Incredulously Steve elected to use his 12lb battery to act as counter battery fire rather than to control ground in front and to the side of the target village. Then he decided to exchange fire with the defenders of the village rather than engaging it in an assault. I am not sure if he was waiting for me to assault it first but I was caught up trying to peel of a few of Noels battalions and avoid his howitzers.

If, as Chris observed in previous comment on the last post featuring this battle, we had combined our guns to soften the target up for several turns and then a few more we may have been successful. As it was this did not happen and in order to avoid my boys getting obliterated going in I elected to try and draw of some defenders by going through the woods. There was some skirmish fire and then my battalions were getting set for the charge. That’s when Noels elite boys started to sting!

I charged and failed, if this had gone in a think I would have won the 1st round of melee and then would have broken through as Noel would not have been able to reinforce and I would have had 2 fresh battalions.

Instead I fled the other way through the woods. Steve was then flanked by Eric in support of Noel and the whole French right flank collapsed. It was a disaster. The French divisions were under strength and unbelievably outclassed by the opposition. Only a combined assault would have worked, and then it would have been in the hands of the Gods. Poor communication between two divisional commanders did not help, and my attempt to flank the Prussian’s through the woods was not in hindsight very wise.

Had the campaign continued Andy’s French would have been in utter rout from a collapsed right flank which would have swept up the whole battlefield.

Well there you have it, in fairness to Nick who wrote the report, he was left with the task as Andy was unable to make it to the garage for several weeks. The upside of this of course was that Andy was spared the horror of seeing his troops soundly thrashed.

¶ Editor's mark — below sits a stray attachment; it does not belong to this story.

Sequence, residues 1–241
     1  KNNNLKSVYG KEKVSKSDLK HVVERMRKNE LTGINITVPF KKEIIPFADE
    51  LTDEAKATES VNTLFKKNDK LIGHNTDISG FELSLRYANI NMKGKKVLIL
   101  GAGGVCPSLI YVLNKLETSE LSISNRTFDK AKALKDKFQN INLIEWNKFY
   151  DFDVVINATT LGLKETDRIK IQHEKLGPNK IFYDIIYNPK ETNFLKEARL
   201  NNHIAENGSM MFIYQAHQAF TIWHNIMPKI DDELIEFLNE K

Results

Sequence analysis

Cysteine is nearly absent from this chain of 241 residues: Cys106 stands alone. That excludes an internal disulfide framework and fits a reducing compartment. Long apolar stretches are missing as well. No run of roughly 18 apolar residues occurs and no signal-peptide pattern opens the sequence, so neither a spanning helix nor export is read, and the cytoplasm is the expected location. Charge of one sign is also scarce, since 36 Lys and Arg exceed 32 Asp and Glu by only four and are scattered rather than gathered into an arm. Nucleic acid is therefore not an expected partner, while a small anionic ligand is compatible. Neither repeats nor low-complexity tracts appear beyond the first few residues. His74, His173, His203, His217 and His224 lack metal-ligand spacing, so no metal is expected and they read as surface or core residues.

On Thursday, though there were only five of us present we started a new game using both tables in their entirety for the first time. Until now the most we'd used had been one complete table and three feet of the second one. This now gave us a whopping 180 square feet to play on. Eric devised a scenario consisting of a Russo- Austrian force somewhat on the back foot and about to be pounced on by a stronger French force. Who in its turn suddenly finds that a Corps of Prussians has turned up on its flank and rear. I'll hopefully get Eric to write up an account of the battle though I haven't mentioned this to him yet. Nevertheless he is quite erudite and a shade more reliable than some of the other buffoons.
It was also on Thursday that Nick arrived proudly sporting his new camera. It is indeed very nice though I think he might want to spend some time learning how to use it. For some reason the pictures have come out very bright, possibly Nick's insistence on using the flash had some bearing on this. That said the photographic composition, artistic interpretation and subject matter are beyond reproach, so all in all a good start for the fledgling lensman.

And finally... the real reason you've bothered to read the rest of this rubbish, (that's assuming you didn't just scroll straight to the bottom). What happened to the poor old Austrians? Well those of you who clucked your tongues and muttered various sage comments on the pitfalls involved with spray varnish would be to a large extent wrong. I say to a large extent because this is in fact a prime example of what happens when you reach for the spray varnish and happen to pick up a tin of grey undercoat instead. These poor chaps along with the other three gun detachments in the battery bear mute testimony to old saying "look before you spray". Oh and before I get any derisory comments I was not the guilty person, however I feel it only fair to let the culprit remain anonymous in order to protect Eric's good name.